PSEG Fossil to shut and retire turbines at its Burlington plant

PSEG Fossil LLC plans to retire nine of the units at the Burlington Generating Station in New Jersey ahead of a deadline for new state air emissions requirements under the HEDD program.

The New Jersey Department of Environmental Protection mentioned that fact in an April 16 notice about the pending renewal of the plant’s Title V air permit. Comment is being take on the draft permit renewal until May 16. PSEG Fossil is a unit of Public Service Enterprise Group (NYSE: PEG).

The equipment that emits air contaminants from this facility include: four General Electric LM6000 simple-cycle combustion turbine modules each with a power output of 45 MW; and seventeen Pratt and Whitney simple-cycle FT4 combustion turbines. The four LM6000 simple-cycle combustion modules have water injection for NOx emissions control. Sixteen of the FT4 turbines have water injection for NOx emission controls on high electric demand days (HEDDs).

All the combustion turbines at this facility are HEDD units as defined under New Jersey code. Beginning May 1, 2015, these turbines will be subject to new HEDD emission limits. “As currently operated, the seventeen FT4 turbines are not capable of complying with these emission limits,” the agency noted. “If additional emission controls, capable of enabling these turbines to comply with the applicable HEDD emission limits, are not installed and operated by May 1, 2015, these turbines must cease operation on this date. PSEG has indicated in the latest update to their 2015 Plan (submitted in January 2014, pursuant to N.J.A.C.7:27-19.30) that they intend to retire the nine (9) FT4 turbines by May 1, 2015. PSEG has also indicated that eight (8) of the FT4 turbines will no longer operate starting June 1, 2014.”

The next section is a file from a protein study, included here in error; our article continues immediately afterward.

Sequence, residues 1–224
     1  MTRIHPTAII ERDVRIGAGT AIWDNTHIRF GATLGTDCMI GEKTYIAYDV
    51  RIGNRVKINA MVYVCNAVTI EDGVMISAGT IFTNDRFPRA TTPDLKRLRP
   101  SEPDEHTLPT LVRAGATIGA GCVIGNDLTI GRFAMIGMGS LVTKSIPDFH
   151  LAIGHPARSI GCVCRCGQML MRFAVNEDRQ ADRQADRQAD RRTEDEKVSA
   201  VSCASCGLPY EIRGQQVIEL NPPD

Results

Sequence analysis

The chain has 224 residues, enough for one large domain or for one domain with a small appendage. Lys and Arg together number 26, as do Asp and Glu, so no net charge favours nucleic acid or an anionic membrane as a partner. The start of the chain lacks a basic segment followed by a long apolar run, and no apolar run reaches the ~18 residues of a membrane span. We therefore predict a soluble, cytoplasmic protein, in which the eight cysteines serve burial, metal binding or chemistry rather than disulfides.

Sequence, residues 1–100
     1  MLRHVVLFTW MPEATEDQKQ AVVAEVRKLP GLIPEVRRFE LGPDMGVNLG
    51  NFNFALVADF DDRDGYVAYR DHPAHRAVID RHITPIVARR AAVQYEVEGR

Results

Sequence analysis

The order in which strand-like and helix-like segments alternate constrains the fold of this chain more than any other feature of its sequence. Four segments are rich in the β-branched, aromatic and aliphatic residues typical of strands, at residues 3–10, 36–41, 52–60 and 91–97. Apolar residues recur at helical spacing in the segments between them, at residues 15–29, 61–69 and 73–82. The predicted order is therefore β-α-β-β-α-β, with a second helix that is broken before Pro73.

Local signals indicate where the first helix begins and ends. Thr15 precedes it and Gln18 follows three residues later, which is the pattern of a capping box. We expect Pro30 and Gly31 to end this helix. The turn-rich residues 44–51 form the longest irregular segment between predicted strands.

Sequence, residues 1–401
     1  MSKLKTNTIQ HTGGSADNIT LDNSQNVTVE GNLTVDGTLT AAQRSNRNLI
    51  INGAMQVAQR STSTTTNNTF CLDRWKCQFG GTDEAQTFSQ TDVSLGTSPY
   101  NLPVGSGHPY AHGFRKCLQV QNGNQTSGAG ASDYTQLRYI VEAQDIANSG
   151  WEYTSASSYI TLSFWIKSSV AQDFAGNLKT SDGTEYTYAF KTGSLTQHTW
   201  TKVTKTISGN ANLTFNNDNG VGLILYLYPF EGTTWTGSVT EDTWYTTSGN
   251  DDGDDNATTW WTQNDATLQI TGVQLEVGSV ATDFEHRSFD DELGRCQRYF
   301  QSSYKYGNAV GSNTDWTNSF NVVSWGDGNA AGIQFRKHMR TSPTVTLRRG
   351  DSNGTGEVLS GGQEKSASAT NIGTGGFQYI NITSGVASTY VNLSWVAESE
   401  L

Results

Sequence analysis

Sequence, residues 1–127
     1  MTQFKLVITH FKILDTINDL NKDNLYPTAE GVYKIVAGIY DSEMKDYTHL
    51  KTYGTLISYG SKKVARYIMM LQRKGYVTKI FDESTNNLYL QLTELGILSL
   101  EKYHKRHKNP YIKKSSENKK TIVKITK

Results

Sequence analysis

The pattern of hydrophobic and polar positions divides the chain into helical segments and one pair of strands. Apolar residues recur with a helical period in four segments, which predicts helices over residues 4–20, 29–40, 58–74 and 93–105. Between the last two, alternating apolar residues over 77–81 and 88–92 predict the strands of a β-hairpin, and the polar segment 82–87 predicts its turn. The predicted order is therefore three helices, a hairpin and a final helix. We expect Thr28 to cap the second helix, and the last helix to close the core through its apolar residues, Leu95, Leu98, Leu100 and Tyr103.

About Barry Cassell 20414 Articles
Barry Cassell is Chief Analyst for GenerationHub covering coal and emission controls issues, projects and policy. He has covered the coal and power generation industry for more than 24 years, beginning in November 2011 at GenerationHub and prior to that as editor of SNL Energy’s Coal Report. He was formerly with Coal Outlook for 15 years as the publication’s editor and contributing writer, and prior to that he was editor of Coal & Synfuels Technology and associate editor of The Energy Report. He has a bachelor’s degree from Central Michigan University.